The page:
Vinegar – an earth friendly alternative to many chemicals

(First published June 2007, last updated August 2012)

You can reduce the number of environmentally harsh and toxic chemicals used around your home by replacing them with more earth friendly, cheap and common substances such as vinegar. Here are a bunch of handy vinegar tips to get you started; plus more contributed by GLT readers.

A brief background on vinegar

Vinegar has been in use by humans for thousands of years; dating back to ancient Egypt. It was likely discovered by accident when wine went sour when left for too long.

Vinegar is created by the oxidizing of alcohol in products such as wine or beer or any other fermented liquid. The active component of vinegar that makes it so useful is acetic acid; which is a byproduct of a bacteria called acetobacter. Spores of this bacteria float freely in our atmosphere, although commercial production of vinegar employs the use of cultured acetobacter in controlled conditions to make a consistent product.

Most table vinegars contain around 5 percent acetic acid. The most common types are White (usually made from corn) Malt (barley), Red Wine, white wine and apple cider vinegar. Of these, probably the most versatile for non-consumption purposes is White vinegar.

White vinegar is incredibly cheap, particularly when bought in bulk (under a dollar per litre or quart) and has a long shelf life. If a scum should form in it, this substance is known as the “mother” and can be utilized as a starter culture for creating vinegar faster from opened bottles of wine that you might otherwise discard.

Vinegar is also suitable for using in conjunction with blackwater systems – just don’t go overboard with it; otherwise you it may have an impact on the useful bacteria colonies in the system.

Important note: it appears that some brands of white vinegar may be derived from petroleum (crude oil) and fossil fuel products. Synthetic ethyl alcohol can be created from the liquefaction of coal or the hydration of ethylene. Ethylene is produced in the petrochemical industry. It’s important to check the label or with the manufacturer to ensure that the brand you buy doesn’t. It was rather unsettling to discover that this is yet another food additive with a direct connection to crude oil and fossil fuels.

Handy vinegar tips

Note: spot test before going all out with any of the cleaning related tips below.

  • To remove calcium buildup on kettles and electric jugs, boil the kettle with half a cup of white vinegar and leave to soak for a while. Rinse with fresh water, reboil with same and your kettle should now be calcium deposit free.
  • Place a small container of vinegar in your toilet and bathroom to eliminate odors.
  • A half cup of vinegar added to a toilet bowl left overnight removes bowl odor. The smell of the vinegar will also dissipate overnight.
  • A cotton ball soaked in vinegar and applied to bruises for an hour is said to speed up the healing process.
  • Vinegar on minor burns and many sorts of stings can alleviate pain.
  • For cleaning your dishwasher, vinegar frozen into ice cubes, then a couple added to the bottom of the dishwasher just prior to a cycle is an effective alternative to using heavy chemical cleaners.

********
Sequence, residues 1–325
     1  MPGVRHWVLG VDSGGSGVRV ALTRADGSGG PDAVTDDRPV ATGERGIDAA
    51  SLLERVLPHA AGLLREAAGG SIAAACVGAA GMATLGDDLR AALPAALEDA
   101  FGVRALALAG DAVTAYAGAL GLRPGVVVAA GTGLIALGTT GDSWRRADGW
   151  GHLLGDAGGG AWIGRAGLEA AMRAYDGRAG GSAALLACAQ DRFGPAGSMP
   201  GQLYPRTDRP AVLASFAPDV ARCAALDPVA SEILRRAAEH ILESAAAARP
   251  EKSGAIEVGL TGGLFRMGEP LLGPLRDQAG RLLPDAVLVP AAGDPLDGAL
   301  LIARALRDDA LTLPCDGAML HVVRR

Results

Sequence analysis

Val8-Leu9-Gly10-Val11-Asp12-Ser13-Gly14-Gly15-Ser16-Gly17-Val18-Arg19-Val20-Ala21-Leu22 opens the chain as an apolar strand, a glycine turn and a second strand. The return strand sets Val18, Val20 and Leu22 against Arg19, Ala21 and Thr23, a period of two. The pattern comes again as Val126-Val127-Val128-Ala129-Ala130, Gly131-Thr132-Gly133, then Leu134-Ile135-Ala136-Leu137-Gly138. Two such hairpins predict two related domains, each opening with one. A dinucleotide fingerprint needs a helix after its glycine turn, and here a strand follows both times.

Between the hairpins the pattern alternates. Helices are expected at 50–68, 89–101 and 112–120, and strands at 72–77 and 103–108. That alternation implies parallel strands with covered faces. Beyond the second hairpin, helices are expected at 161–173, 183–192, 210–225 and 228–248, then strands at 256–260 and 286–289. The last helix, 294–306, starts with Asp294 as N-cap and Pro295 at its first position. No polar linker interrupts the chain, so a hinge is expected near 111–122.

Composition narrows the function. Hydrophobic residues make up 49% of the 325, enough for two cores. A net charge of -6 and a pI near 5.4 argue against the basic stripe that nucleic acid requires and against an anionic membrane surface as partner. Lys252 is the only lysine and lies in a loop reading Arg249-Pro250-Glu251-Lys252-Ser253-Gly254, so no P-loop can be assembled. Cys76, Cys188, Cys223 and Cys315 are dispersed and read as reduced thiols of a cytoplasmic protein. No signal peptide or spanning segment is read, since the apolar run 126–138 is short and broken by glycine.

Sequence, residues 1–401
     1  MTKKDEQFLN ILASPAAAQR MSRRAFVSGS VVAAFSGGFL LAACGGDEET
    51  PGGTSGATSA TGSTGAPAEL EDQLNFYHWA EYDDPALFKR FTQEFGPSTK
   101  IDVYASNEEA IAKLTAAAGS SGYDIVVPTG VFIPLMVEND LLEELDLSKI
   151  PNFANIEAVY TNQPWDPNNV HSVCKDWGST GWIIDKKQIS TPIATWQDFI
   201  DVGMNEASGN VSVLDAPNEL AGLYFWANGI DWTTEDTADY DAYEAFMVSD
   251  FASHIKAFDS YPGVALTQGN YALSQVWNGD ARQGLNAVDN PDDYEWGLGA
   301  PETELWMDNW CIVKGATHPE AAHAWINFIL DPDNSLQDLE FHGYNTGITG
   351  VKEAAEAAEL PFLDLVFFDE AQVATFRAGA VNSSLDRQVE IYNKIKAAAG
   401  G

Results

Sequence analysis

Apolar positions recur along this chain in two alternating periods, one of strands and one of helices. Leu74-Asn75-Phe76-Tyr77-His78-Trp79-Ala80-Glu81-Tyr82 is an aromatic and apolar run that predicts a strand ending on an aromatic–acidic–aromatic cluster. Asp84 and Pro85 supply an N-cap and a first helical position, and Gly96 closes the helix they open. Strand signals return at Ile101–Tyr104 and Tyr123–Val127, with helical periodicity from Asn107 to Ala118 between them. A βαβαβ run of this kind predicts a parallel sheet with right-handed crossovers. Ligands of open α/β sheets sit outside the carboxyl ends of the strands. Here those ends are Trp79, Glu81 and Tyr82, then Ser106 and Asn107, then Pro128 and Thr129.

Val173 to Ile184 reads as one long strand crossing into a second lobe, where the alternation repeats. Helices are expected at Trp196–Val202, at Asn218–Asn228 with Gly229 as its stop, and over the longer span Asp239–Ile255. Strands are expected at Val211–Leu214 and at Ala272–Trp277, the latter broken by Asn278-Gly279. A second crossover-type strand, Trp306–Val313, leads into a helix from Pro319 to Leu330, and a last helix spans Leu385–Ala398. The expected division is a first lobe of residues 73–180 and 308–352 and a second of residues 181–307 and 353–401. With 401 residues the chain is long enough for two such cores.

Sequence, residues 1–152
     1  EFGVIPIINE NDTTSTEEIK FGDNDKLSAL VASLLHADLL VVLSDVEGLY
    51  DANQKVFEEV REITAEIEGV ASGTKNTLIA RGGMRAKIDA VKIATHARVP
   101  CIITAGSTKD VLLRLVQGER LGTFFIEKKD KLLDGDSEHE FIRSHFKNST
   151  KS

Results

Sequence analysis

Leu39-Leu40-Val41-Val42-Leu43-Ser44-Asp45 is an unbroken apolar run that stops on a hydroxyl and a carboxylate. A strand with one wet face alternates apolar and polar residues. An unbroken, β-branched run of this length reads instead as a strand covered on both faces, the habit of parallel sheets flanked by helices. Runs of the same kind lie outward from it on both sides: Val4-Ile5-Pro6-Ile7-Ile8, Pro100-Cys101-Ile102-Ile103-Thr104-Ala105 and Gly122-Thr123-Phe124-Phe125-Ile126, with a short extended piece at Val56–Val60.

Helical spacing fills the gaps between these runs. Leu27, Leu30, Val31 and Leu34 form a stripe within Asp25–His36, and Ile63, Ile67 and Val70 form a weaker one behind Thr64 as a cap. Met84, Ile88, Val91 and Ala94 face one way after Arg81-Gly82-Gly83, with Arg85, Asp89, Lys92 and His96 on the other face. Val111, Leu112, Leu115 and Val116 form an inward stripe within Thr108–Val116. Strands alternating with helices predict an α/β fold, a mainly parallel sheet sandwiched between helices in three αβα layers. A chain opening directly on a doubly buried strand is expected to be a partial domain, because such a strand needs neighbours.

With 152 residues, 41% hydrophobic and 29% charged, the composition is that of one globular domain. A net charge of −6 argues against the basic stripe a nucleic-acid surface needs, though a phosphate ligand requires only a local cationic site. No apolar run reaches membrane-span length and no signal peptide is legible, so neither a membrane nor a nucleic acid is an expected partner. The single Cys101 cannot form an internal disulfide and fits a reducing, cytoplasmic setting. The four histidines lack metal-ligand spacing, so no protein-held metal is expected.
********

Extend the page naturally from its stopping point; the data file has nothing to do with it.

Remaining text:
• Old, stiff paintbrushes can be revived by dipping them into heated white vinegar for a couple of hours, followed by a rinse in soapy water. Beats using turpentine!
  • Vinegar can be used as a nappy soak; simply add half a cup of white vinegar to the water in the nappy bucket
  • Use it as a broad leaf weed killer – spray it undiluted onto the leaves of weeds, being careful to avoid plants you wish to keep. A mix of vinegar and salt can be used to keep weeks and grass out of driveway cement joins.
  • Vinegar can be used as a benchtop disinfectant; but it’s a good idea to wipe over at night in order that the smell dissipates.
  • For pet owners, white vinegar poured onto pet urine mishaps on carpets, then blotted up with paper towel will prevent staining and odor.
  • Save money on washing pre-spray by spraying undiluted vinegar on deodorant and other stains on garments just prior to washing.
  • Spray a 50/50 mix of vinegar and water onto soap scum on shower screens, leave sit then wipe or rinse off.
  • Neat vinegar sprayed onto mold affected bathroom/shower tiles will kill the mold.
  • Vinegar can be used as a fabric softener by adding half the amount of vinegar as you would of your usual softening agent.
  • I’ve seen many suggestions that a tablespoon of vinegar can be used as a replacement for hair conditioner.
  • Vinegar can also be used as a glass cleaner either mixed with water or used neat in a spray bottle.
  • Use full strength vinegar to polish chrome and stainless steel
  • Use a 50/50 vinegar and water mix to clean your iron. Add the mixture to your iron and allow it steam itself clean
  • Pour boiling white vinegar down a clogged drain to remove the obstruction
  • Used in an fine atomizer, vinegar is effective as room deodorizer
  • Ants hate vinegar; so spray it around doorways and other areas they frequent to repel them

… not to mention vinegar is great for chips and salad dressings :).
These tips really only scratch the surface of this versatile and environmentally friendly substance. How many toxic cleaning products could you replace with vinegar? Do you have a handy vinegar tip? Please add it below.